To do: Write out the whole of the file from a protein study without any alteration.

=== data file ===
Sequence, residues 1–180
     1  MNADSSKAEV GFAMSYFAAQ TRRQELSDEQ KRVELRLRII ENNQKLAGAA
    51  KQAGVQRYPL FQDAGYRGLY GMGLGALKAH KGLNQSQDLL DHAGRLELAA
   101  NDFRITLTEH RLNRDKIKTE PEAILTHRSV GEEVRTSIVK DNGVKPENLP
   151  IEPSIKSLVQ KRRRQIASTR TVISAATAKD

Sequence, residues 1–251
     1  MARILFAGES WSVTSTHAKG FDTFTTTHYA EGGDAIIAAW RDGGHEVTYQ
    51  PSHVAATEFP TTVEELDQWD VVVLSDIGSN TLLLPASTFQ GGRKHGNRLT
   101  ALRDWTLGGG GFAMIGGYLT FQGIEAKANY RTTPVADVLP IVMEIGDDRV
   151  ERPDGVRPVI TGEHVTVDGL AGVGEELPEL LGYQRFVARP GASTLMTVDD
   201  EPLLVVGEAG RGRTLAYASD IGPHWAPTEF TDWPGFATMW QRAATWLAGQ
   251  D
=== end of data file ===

Sequence, residues 1–180
     1  MNADSSKAEV GFAMSYFAAQ TRRQELSDEQ KRVELRLRII ENNQKLAGAA
    51  KQAGVQRYPL FQDAGYRGLY GMGLGALKAH KGLNQSQDLL DHAGRLELAA
   101  NDFRITLTEH RLNRDKIKTE PEAILTHRSV GEEVRTSIVK DNGVKPENLP
   151  IEPSIKSLVQ KRRRQIASTR TVISAATAKD

Sequence, residues 1–251
     1  MARILFAGES WSVTSTHAKG FDTFTTTHYA EGGDAIIAAW RDGGHEVTYQ
    51  PSHVAATEFP TTVEELDQWD VVVLSDIGSN TLLLPASTFQ GGRKHGNRLT
   101  ALRDWTLGGG GFAMIGGYLT FQGIEAKANY RTTPVADVLP IVMEIGDDRV
   151  ERPDGVRPVI TGEHVTVDGL AGVGEELPEL LGYQRFVARP GASTLMTVDD
   201  EPLLVVGEAG RGRTLAYASD IGPHWAPTEF TDWPGFATMW QRAATWLAGQ
   251  D